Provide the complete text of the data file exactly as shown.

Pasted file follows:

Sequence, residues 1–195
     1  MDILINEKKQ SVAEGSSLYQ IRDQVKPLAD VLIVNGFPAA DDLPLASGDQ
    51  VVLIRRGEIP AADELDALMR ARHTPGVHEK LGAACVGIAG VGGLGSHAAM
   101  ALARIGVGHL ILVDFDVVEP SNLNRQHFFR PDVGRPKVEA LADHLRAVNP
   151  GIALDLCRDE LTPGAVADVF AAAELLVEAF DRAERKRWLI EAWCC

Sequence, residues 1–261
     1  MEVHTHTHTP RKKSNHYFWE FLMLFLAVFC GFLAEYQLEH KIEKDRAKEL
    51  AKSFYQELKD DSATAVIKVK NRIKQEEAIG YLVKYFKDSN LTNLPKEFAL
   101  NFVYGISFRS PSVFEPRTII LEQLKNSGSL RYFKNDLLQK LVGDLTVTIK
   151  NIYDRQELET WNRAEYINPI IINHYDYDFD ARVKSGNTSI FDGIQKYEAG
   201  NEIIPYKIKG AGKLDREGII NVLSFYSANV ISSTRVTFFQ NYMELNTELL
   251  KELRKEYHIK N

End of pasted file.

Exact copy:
Sequence, residues 1–195
     1  MDILINEKKQ SVAEGSSLYQ IRDQVKPLAD VLIVNGFPAA DDLPLASGDQ
    51  VVLIRRGEIP AADELDALMR ARHTPGVHEK LGAACVGIAG VGGLGSHAAM
   101  ALARIGVGHL ILVDFDVVEP SNLNRQHFFR PDVGRPKVEA LADHLRAVNP
   151  GIALDLCRDE LTPGAVADVF AAAELLVEAF DRAERKRWLI EAWCC

Sequence, residues 1–261
     1  MEVHTHTHTP RKKSNHYFWE FLMLFLAVFC GFLAEYQLEH KIEKDRAKEL
    51  AKSFYQELKD DSATAVIKVK NRIKQEEAIG YLVKYFKDSN LTNLPKEFAL
   101  NFVYGISFRS PSVFEPRTII LEQLKNSGSL RYFKNDLLQK LVGDLTVTIK
   151  NIYDRQELET WNRAEYINPI IINHYDYDFD ARVKSGNTSI FDGIQKYEAG
   201  NEIIPYKIKG AGKLDREGII NVLSFYSANV ISSTRVTFFQ NYMELNTELL
   251  KELRKEYHIK N